First contact with Cetus/Tiertime support got me a replacement build plate. I also bought (paid) for a second replacement build plate. Apparently the 20-conductor ribbon cable is not available separately. (That’s extremely ignorant!)
The build plate is not the problem, the melted cable is. That’s why I wanted a spare AT ANY COST.
The new bed/cable did not solve the problem. Temperature reading were very unstable and jumping back and forth. I discovered a tiny slice in the edge of the new cable that partially cut the trace carrying the temperature sensor. The flexing of the cable with the print surface movement was like bending a paperclip until it breaks. An ohm/continuity test of that trace shows it finally failed full open.
The third cable was tested, and all 20 leads are fine. However, there is still no reading of the print surface temperature.
At this point Cetus/Tiertime is totally ignoring my in-depth investigation and reporting and my many requests for further assistance. Total lack of customer respect and communication.
I have ordered a replacement intermediate controller board as the signal for the temperature reading seems to be processed on this board. It’s a multi-layer PC board so circuit tracing is mostly a guess.
There are no circuit schematics available of which I am aware.
Two other problems also manifested on the control system. The 8GB micro SD card became unreadable. I replaced it with one I had. This “fixed” the 50C degree low (but tracking) temp readings. Now I only see a fixed 19+C read. Also, the Wi-Fi has never operated from day one. Both of those involve the main processor, so I have ordered (at my own expense) a new CPU board.
I now have an additional $200 invested into the Cetus Mk3. Not acceptable by anyone’s standards. I just want an operational Cetus Mk3 so I can run wax printing. Some (low) controlled heating of the build surface is a requirement.
In my experience, all forms of 3D printing hardware require extreme user trouble shooting fix and repair abilities. Properly operating hardware still requires extreme effect/cause diagnostic skills because of the very high number of inter-reactive variables of hardware and software and also printable design requirements.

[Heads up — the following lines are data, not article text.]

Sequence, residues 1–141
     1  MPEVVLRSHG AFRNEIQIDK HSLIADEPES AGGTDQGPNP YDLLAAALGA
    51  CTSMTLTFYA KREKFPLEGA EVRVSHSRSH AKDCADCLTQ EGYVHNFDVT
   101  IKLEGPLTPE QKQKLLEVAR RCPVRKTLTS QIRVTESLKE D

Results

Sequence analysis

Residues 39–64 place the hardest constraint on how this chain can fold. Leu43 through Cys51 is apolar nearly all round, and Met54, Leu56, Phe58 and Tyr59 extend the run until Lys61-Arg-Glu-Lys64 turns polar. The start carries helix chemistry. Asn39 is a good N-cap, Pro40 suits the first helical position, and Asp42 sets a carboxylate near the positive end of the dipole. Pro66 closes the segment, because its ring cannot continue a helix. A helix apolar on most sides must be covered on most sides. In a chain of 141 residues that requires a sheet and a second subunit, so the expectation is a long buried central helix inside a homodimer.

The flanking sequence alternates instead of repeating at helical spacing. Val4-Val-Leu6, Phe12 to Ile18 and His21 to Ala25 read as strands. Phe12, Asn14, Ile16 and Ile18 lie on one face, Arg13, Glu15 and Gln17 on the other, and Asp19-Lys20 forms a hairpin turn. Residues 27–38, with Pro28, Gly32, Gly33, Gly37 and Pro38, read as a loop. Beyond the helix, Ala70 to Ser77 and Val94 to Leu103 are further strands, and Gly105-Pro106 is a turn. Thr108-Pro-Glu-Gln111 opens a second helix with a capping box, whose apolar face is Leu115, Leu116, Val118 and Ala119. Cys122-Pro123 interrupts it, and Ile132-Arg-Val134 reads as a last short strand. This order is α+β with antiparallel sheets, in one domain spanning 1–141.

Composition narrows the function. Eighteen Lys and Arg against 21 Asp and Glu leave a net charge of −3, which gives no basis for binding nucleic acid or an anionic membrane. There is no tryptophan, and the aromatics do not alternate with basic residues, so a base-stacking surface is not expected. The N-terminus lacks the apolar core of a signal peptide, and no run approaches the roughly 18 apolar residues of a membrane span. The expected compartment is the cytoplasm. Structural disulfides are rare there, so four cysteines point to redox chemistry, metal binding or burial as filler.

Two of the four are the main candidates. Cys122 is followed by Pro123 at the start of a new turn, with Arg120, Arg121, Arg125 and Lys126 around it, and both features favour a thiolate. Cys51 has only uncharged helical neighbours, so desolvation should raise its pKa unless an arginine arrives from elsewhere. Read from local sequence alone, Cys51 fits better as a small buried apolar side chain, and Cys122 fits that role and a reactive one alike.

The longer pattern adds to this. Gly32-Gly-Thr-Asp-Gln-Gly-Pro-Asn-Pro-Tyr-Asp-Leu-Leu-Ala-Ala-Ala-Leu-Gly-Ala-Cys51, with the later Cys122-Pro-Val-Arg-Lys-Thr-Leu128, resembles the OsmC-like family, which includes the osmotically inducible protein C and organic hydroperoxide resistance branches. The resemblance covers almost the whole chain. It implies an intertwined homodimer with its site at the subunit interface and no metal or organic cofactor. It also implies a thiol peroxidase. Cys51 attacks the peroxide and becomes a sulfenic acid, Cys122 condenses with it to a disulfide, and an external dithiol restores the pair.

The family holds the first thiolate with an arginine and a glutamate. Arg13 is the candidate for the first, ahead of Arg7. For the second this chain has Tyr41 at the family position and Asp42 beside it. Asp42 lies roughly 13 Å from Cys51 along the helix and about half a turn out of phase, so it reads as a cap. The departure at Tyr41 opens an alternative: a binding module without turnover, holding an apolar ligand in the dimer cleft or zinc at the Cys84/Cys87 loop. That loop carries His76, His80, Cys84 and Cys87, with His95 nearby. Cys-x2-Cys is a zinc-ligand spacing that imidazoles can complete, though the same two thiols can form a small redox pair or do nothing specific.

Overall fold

There are a great number of fails before success and a huge supply of bogus internet advice. The internet never deletes outdated or erroneous information. Dealing with difference in language and non-standard terms just adds to the confusion.
However, that is no excuse for Tiertime/Cetus ignoring a paid-in-full customer in need.
I have concluded the best low cost FDM 3D printer for small and very high-quality prints is the Tiertime Cetus series printers. They are made with the quality linear bearings and other quality parts required for accurate FDM printing.
Not perfect in every sense, but excellent quality and design when low hardware cost and highest print quality is desired.
Very high resolution in the .15 to .05 MM layer resolution requires very long print times. For this reason, such resolution creates a practical print time limitation, generally limiting printing to small volume models. Print a 250 x 250 x 250 MM model with 0.05 MM layers requires 5,000 layers! At a mere 1,5 minutes per layer that’s 125 hours or over five full days. (5.208 days to be exact!)
For this reason, there is no driving need to acquire a large volume printer when the desire is to print very high-quality small items. The Cetus envelope is 180 x 180 x 180 MM. A very reasonable size for small, high resolution FDM printing.
I own a resin DLP resin type printer that can easily exceed the resolution of FDM printers, but that print material comparison is not the point here. FDM is a much easier process for desktop and in-office production.
I am thinking 0.1 MM FDM is a good choice for master model making for lost wax casting. Using the available Cetus 0.20MM amd 0.40MM diameter nozzles and using layer heights down to 0.05 MM, very detailed and high-quality parts can be produced. Tiny layer lines will be present but can be reduced in post processing.
I haven’t explored the 0.20MM nozzle for some time. I used it once when I was very inexperienced with little knowledge of printing with this small size. I wasn’t interested in printing very slowly or producing very small models. I believe I was pushing the speed and I remember suffering some printing issues.
But for producing small silver and other metal casting models, I now realize the value of the smaller nozzle. I certainly will be testing this size nozzle again, soon. I don’t intend to make this my only nozzle choice as I have been producing excellent models with 0.40MM orifice and 0.10 layer heights. Some 0.20MM layers turn out very well too.
Let’s Do It!
A Return to ABS
Perhaps I should title this as a question, as it isn’t anything permanent. Nothing in 3D printing seems permanent for me. Always trying new and revisiting the old. This case I am returning to ABS after a good while away from using the material.
I had a partial spool of yellow ABS on the shelf for a couple of years. Just in the box with its bag of desiccant. The moisture issue in my opinion is far overblown (as most things these days). Here in North Texas, I don’t live in a humid tropical jungle with constant high-level saturated air moisture.
What is critical is the grains of moisture per cubic meter of ambient air. The true amount of moisture exposure, not the percentage air can hold. Enough about my view of the science but safe to say the two-year storage was not determent at ail to my old ABS filament.
I had a small project for outdoor use so I wanted to see how it would print in ABS. What is new to my printing is I now use a glass plate with hair spray for adhering the print. The small parts printed perfectly and loved the new stick down process. Not one sign of an edge warp.